Speaking to AFROPUNK, the girls said: “We wanted to kill people’s perception of what a rock act – and women in music – should look like/sound like! Women of colour still get pigeon-holed into genre specifics, like R&B or Hip Hop, and although we are amazing at performing these genres, we also pioneered a lot of other things too.”

With their defiant new single and existing dedication to challenging industry norms, Nova Twins have us riled and ready for more ferocious new music in 2018. Watch the video for ‘Hit Girl’ below, and get your tickets for their headline gig at The Victoria on 24th May here (tickets are also available on DICE)

Follow Nova Twins on Facebook for more updates.

Photo Credit: by Sana Abstrakt

Kate Crudgington
@KCBobCut

ALBUM: Divide & Dissolve – ‘Abomination’

Released via Dero Arcade on February 16th, Divide & Dissolve‘s second album Abomination is a sonic force to be reckoned with. The Melbourne-based duo curate heavy-instrumentals designed to “decolonize, dismantle white supremacy, and empower people of color & Indigenous people” – and their latest efforts have succeeded in undermining the forces which seek (and fail) to suppress them.

Together, Takiaya Reed (saxophone, guitar, live effects) and Sylvie Nehill (drums, live effects) have been receiving praise and support since the release of their debut Basic in March 2017, which earned them the accolade of ‘Best Heavy Album’ at The Age Music Victoria Awards. This year they’ve been granted a support slot with Poliça on their forthcoming US tour, and after listening to Abomination, it’s easy to see why Divide & Dissolve are currently in demand.

Opening the album is the eponymous ‘Abomination’: it’s five minutes and fifty seconds of unnerving riffs and ceaseless cymbals, crashing together to form a desolate but powerful soundscape. It paves the way for eerie second track ‘Assimilation’ – poised between chaos and calm from the moment it starts. There’s an intense power in the lack of lyrical content on these songs, which feels reflective of the repressed minorities the pair seek to support with their music. ‘Cultural Extermination’ is another shining example of this; the abrasive break down mid-way through being the track highlight. The pair say so much with their sounds alone, that words would detract from their impact.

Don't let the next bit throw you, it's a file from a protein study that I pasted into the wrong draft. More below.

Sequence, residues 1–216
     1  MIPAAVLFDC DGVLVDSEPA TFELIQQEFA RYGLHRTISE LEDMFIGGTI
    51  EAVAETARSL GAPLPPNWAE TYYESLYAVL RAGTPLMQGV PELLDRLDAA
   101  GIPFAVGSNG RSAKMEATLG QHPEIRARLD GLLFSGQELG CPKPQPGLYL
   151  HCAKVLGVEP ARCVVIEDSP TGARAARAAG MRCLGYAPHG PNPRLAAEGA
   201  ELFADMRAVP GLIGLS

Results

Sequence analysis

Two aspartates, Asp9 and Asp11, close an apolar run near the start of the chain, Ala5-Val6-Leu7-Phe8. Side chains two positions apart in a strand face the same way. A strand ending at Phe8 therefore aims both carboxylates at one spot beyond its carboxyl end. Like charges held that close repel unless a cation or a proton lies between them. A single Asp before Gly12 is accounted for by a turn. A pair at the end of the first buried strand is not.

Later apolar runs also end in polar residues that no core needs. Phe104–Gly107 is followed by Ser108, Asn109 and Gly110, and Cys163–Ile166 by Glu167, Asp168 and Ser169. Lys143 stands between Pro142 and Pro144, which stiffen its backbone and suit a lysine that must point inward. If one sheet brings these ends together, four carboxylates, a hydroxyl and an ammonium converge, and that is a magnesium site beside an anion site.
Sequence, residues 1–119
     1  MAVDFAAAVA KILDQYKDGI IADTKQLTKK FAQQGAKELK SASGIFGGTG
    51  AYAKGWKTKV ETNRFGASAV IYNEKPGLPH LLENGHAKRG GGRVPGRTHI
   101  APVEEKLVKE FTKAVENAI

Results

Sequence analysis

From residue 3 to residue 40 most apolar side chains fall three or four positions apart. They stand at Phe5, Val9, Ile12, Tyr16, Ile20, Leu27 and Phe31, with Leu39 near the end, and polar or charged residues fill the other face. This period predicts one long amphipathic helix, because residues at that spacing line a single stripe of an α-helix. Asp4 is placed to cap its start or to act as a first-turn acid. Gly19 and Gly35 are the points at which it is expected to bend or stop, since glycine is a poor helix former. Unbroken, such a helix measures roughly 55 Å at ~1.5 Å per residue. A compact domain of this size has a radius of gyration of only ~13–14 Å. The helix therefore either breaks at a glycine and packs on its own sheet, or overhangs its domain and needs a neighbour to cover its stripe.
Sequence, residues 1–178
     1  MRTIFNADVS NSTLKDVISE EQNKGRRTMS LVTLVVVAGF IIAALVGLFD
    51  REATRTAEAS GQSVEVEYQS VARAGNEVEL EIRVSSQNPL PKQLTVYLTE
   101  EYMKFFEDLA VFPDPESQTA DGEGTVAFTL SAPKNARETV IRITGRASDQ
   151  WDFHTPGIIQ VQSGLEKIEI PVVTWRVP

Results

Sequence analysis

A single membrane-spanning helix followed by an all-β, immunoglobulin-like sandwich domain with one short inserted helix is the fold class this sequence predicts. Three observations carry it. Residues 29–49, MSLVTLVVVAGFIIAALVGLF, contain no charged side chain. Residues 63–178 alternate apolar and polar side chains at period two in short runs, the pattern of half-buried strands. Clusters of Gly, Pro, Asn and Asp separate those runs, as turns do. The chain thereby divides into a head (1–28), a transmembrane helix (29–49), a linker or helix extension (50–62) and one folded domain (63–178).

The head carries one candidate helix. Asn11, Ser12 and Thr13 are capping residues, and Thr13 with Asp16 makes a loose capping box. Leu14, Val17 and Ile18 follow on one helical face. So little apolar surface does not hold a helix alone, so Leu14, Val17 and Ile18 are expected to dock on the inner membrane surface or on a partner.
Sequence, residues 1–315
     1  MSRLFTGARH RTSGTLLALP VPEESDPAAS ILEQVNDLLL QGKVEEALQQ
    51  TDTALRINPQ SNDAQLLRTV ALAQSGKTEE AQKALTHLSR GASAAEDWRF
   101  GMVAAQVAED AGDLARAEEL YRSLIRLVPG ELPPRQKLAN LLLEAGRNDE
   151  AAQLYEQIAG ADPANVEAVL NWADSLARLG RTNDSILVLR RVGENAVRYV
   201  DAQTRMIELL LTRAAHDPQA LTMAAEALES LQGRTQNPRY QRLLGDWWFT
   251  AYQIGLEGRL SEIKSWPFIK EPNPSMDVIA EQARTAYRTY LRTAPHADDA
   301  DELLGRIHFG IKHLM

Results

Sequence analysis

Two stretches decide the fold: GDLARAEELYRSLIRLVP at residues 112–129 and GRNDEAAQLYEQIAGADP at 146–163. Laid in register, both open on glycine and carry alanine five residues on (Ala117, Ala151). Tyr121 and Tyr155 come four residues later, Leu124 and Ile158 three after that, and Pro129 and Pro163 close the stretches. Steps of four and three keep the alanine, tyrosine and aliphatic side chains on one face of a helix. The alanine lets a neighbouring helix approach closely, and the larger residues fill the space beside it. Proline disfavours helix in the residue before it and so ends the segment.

The spoken word from Minori Sanchiz-Fung on ‘Reversal’, however, is incredibly potent. “By using English, I have let out many violent spirits. Words that I trust would in English, fling themselves against the wall” speaks Minori from her “Immigrant Mind”; in a composed, vigilant, but visceral manner. Subtle, reverb-heavy guitar scores her incredible poetry, making this collaboration an intriguing, important listen. ‘Resistance’ follows with its manic sax sounds that ring out like defiant sirens in the face of adversity – resisting all notions of conformity.

The brief but bold ‘Re-appropriation’ demands immediate attention with more of the pair’s crashing cymbals and abrasive riffs, before the penultimate ‘Reparations’ seeks to musically right the wrongs that white supremacy and patriarchy have inflicted on indigenous communities. Its slow-building, atmospheric nature seethes and soothes in equal measure, before ‘Indigenous Sovereignty’ closes this exploration of the unheard.

The eight tracks on Abomination are a platform on which Divide & Dissolve “transform the experience of space and time” and draw on the experiences of their ancestors and surroundings to create their unique and extraordinary sounds. It’s instrumentalist activism that seeks to disrupt the norm – and we love it.

Abomination is available to stream  & download now. Follow Divide & Dissolve on Facebook for more updates.

Photo Credit: @annasnowsill

Kate Crudgington
@KCBobCut